There’s a balance between the doing of our faith and the being of our faith – we really can’t have one without the other. So as we look ahead to our next 125 years in ministry, trying to discern where and how God is calling us, let’s go, led by the good shepherd, to the still waters that will restore us and empower us to do ministry all of the days of our lives. So may it be for each of us.
Let us pray: God of tenderness, God of compassion, I thank you for seeking me out as a shepherd seeks for his sheep. I thank you for keeping me safe – for standing with me in adversity and for blessing me with all that I have. Help me to listen more to you than I do right now – and give me the faith to follow you more perfectly. In Jesus’ name, I pray. Amen.
April 25, 2010
CALL TO WORSHIP:
God is with us, this day and every day. And because God is with us, we can face each day with courage. God’s goodness sometimes seems to be a trickle, sometimes pulsing spurts, sometimes a mighty flood – but God is always with us. Let us praise God with our songs; let us seek God in our prayers; let us offer ourselves to God as we gather in worship.
I don’t know much about sheep except for their reputation of being rather stupid, lacking in initiative, and likely to run away from the flock and either fall off a cliff or get entangled in brush or be stuck in an impossible situation. Although there may be some variation in their color, they all look pretty much alike. And there’s no such thing as an independent, self-made sheep, is there – I’m not sure any of us are glad to be compared to sheep.
But – even though we might not be able to tell one sheep from another, the Good Shepherd can. Each one is an individual, worthy of his care and attention. Isn’t Jesus trying to tell us of God’s love for everyone, including and especially the “other?”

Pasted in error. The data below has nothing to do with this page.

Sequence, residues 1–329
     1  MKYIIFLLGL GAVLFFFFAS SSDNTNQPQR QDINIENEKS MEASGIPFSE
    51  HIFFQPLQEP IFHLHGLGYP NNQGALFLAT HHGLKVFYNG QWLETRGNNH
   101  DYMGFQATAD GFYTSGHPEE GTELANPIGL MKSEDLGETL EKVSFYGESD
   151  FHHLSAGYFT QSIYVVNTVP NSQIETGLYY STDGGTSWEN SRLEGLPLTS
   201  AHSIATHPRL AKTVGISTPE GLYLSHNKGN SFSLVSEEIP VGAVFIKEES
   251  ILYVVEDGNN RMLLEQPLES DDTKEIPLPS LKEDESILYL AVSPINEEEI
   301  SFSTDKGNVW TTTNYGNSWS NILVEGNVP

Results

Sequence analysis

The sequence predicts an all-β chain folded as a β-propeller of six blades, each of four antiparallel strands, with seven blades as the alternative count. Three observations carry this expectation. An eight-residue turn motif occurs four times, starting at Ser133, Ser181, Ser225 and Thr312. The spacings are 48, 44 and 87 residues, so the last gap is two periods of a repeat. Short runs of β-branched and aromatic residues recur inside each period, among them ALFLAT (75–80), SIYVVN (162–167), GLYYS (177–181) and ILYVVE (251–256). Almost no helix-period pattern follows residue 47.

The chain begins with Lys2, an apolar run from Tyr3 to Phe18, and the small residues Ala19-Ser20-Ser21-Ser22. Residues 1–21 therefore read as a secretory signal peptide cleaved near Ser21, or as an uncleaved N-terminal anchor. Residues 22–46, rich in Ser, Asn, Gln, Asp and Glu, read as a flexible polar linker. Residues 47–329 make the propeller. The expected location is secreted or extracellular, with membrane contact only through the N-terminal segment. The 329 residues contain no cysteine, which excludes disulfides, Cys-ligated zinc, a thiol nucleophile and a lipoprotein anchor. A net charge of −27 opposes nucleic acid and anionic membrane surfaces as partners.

“My sheep hear my voice. I know them and they follow me. I give them abundant life.” Do we listen? Do we hear? Do we follow? Do we experience the abundant life Christ offers?
The promise of abundant life doesn’t include a promise of a rosy, no pain, easy life – that’s no guarantee, is it. But the promise is this: the very presence of God, right now in the midst of our joys and our sorrows – that presence persists forever. We can depend on that.
We all want to know we matter, don’t we. We all want to be known. This is the foundation of our relationship with God, of our relationship with Christ. To be fully known is both painful and profoundly comforting.
Can we accept the humble status of sheep, let our masks and defenses drop away, and allow the shepherd to carry us on his shoulder and occasionally poke us with his staff? Can we acknowledge our emptiness – can, will, we let our emptiness BE, and then know that we are known, that we are cared for, that we are loved – each one of individually.
Imagine the psalm:
The Lord is A shepherd. People shall not want.
There’s a huge difference between that and
The Lord is MY shepherd. I shall not want.